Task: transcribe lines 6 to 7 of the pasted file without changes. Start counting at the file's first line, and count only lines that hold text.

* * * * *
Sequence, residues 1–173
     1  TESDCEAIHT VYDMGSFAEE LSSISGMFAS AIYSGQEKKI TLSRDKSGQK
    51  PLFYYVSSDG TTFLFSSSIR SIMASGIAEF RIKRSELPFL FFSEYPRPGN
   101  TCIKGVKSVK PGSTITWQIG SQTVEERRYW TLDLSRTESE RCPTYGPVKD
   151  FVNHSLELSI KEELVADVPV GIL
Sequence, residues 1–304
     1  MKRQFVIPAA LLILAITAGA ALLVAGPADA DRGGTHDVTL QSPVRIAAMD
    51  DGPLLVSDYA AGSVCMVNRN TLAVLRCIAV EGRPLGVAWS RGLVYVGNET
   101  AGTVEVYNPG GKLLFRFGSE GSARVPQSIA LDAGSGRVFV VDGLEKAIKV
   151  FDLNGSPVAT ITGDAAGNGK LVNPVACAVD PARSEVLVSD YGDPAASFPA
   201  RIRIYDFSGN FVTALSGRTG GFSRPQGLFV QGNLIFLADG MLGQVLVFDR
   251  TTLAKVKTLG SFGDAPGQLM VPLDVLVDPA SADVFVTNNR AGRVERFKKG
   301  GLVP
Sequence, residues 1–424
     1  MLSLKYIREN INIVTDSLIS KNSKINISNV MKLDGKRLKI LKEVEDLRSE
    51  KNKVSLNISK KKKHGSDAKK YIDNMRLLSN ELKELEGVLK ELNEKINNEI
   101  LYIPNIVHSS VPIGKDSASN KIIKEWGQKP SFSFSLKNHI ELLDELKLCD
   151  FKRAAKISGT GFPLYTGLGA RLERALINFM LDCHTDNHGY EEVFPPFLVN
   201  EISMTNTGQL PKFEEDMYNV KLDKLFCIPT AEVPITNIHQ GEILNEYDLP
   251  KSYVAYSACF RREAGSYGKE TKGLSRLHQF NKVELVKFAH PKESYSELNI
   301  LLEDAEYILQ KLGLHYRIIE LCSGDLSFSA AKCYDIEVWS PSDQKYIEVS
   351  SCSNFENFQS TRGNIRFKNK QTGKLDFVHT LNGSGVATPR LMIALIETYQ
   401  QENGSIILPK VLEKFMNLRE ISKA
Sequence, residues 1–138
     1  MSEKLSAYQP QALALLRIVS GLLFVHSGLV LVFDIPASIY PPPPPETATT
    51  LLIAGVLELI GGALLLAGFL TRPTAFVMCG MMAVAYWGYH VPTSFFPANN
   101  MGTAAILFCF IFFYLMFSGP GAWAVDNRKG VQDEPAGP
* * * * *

Sequence, residues 1–304
     1  MKRQFVIPAA LLILAITAGA ALLVAGPADA DRGGTHDVTL QSPVRIAAMD